We are continuing in a series based on questions that have been submitted by members of my congregation. A question was posed about God’s nature relative to suffering and the book of Job. Their curiosity made them wonder, “How does Job, gaining twice the family, twice the riches, and twice the lifespan, make up for his pain?” This week we strive to answer a question from one of the most unnerving and difficult books of the Bible. I hope my response is helpful!

An excellent question that demands deep study and examination. The primary question that the book of Job deals with is the question of “theodicy.” Theodicy is essentially an attempt to answer how/why a good God could allow evil to exist. The book of Job is riddled with all kinds of issues related to a man who is depicted as being fully righteous and without sin. I’d like to address your question in a few different ways to hopefully clear some of this up. I will add that Job, and especially the question of theodicy, is so rich that if anyone has “the” answer, we should probably check very carefully. (That includes me too!)


 Job was written with a particular theology of the Old Testament that is chiefly found in the books Joshua – 2 Kings (called the Deuteronomistic History). The theological stance is essentially that God will punish or bless people according to their behavior. If someone were to not do as God commands in the Law they receive punishment. If someone keeps the tenets of the Law, God blesses them. But Job seems to have done nothing wrong, kept the Law, and yet he is being punished!

 Job’s character addresses his friends and God rejecting the notion of this theology that punishment happens to the unrighteous and blessings happens to the righteous. He asserts that if that were the case, then God made a mistake in punishing him. Job defends himself as sinless throughout the book while his friends (especially the third friend, Eliphaz) continue to hold that the bad that happened to him was punishment for a sin he committed. Finally, God shows up. In chapter 42 verse 7 God sides with Job against the friends. God rejects the simplistic “good begets blessings, bad begets punishment” mentality. Rather, God’s role at the end of the book indicates, as one scholar puts it:

“God is beyond human comprehension, and the world is not [always] run by human rules of order or moral justice…The world that [we] see is not neatly divided into good and evil, righteousness and sin; rather, it is a world in which elements of chaos – and that includes human suffering – remain, under God’s watchful eye. Job suffers not because he sinned, but because he is human.” –Adele Berlin

Two Answers

Now that the background has been addressed, we can tackle your question a little more fully: how does gaining twice the family, twice the riches, and twice the life make up for his pain? I have two answers. First a kind of technical answer and then my personal answer.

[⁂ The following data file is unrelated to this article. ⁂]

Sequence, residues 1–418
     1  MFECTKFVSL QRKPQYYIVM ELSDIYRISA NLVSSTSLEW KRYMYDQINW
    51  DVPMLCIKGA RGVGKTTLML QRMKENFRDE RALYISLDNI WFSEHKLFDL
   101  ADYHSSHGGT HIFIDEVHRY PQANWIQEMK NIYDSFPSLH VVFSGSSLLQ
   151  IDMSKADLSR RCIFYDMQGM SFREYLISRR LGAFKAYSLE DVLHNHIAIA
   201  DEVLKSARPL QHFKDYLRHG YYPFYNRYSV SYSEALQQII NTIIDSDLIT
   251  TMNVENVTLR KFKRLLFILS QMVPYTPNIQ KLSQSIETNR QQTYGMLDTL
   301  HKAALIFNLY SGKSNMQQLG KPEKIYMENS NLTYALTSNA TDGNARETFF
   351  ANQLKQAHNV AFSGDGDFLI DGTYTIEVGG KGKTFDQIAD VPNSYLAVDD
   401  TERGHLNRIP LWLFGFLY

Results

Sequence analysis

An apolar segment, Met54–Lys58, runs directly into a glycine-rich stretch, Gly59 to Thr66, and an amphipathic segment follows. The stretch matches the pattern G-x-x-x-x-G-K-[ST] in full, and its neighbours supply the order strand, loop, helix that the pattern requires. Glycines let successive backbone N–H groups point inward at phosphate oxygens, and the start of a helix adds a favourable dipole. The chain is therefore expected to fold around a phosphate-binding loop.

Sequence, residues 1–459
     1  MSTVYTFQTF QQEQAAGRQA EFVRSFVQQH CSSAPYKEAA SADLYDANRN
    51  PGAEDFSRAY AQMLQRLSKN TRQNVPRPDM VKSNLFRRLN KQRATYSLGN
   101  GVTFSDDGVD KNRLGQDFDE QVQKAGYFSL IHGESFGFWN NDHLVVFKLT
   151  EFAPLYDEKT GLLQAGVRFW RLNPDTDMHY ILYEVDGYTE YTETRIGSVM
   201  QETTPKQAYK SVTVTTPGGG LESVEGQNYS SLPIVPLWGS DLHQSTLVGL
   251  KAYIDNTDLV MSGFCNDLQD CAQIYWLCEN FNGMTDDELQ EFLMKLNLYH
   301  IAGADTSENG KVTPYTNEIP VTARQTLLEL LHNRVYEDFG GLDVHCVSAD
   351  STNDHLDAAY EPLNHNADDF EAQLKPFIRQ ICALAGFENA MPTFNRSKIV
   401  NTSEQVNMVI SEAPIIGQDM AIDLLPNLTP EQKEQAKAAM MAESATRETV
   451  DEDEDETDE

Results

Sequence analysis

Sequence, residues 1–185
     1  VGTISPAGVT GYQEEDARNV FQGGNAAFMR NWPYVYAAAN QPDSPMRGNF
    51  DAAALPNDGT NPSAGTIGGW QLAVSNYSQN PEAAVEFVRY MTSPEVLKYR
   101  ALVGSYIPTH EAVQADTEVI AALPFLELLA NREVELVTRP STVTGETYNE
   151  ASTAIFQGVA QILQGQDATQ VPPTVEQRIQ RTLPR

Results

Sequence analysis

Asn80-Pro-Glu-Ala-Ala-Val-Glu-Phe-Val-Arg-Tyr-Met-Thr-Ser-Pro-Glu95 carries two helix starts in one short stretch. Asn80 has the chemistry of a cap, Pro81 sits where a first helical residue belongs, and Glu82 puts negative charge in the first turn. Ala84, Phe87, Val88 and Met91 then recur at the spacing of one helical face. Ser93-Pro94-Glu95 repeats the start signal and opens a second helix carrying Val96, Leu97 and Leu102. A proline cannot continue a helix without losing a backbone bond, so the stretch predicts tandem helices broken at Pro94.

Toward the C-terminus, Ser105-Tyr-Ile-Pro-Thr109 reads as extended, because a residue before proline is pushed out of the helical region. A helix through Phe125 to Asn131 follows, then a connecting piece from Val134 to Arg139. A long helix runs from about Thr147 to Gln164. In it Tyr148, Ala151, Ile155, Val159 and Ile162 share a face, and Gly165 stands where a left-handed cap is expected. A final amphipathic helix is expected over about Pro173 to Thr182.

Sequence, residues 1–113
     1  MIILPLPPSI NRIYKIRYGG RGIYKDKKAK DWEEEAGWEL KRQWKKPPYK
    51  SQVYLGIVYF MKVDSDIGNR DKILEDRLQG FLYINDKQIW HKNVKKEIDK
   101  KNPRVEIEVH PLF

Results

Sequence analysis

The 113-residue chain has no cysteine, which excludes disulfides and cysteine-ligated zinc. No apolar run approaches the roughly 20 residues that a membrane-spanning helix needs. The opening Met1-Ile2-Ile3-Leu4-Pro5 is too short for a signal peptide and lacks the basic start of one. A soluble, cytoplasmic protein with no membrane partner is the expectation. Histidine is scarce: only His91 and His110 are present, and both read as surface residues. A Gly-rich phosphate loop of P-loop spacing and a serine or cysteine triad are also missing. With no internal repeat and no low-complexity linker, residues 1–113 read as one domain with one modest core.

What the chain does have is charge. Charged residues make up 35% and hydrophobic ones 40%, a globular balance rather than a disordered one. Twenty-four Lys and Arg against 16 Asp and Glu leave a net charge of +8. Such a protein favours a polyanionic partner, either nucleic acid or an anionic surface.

A technical answer: Wisdom was a high virtue of that time, as it is today. Long life, riches, and an abundance of children was a traditional reward for seeking wisdom and living a righteous life. King Solomon is another example – by seeking wisdom he gained all the material possessions one could imagine. In a similar fashion, Job seeks wisdom, the deep truths about God, and he is rewarded for it. This makes the book both a) confront the predominant theology of the time and b) affirm the virtue of seeking God.

 My personal answer: It does not. If I were to lose my child, 10 children would not alleviate my grief. Stories like Job are older than the Bible itself and can be found in literature from the Ancient Near East. It is entirely possible that this story is not an actual account of a human being, but a work inspired by God to communicate a deeper truth about God. The truth about God is that God is with us when we suffer. The additional truth about God is that God does not make the suffering occur. Does God allow it? Yes. Biblically, humanity disobeyed God in the Garden of Eden and suffering, pain, etc. came to be experienced by Adam and Eve and all their progeny. But death and suffering is not God’s desire nor God’s pleasure.

 “Tell them, ‘As certainly as I’m alive and living,’ declares the Lord God, ‘I receive no pleasure in the death of the wicked. Instead, my pleasure is that the wicked repent from their behavior and live. Turn back! Turn back, all of you, from your wicked behavior! Why do you have to die, you house of Israel?’” – Ezekiel 32:11

If God does not want the wicked to die, surely God does not want them to suffer. God wants them to “repent,” to change direction, to go beyond the mind they currently have and take on a new mind, the mind of Christ.

I do not think the book of Job is teaching: “when bad stuff happens, keep the faith and God will give you even more.” I think Job is a story about the world we live in and God’s role in it, teaching us: “Life can be hard, but God is with us even in the midst of the chaos.”

I pray that whatever chaos may be in your life, the knowledge of God’s presence may bring you peace.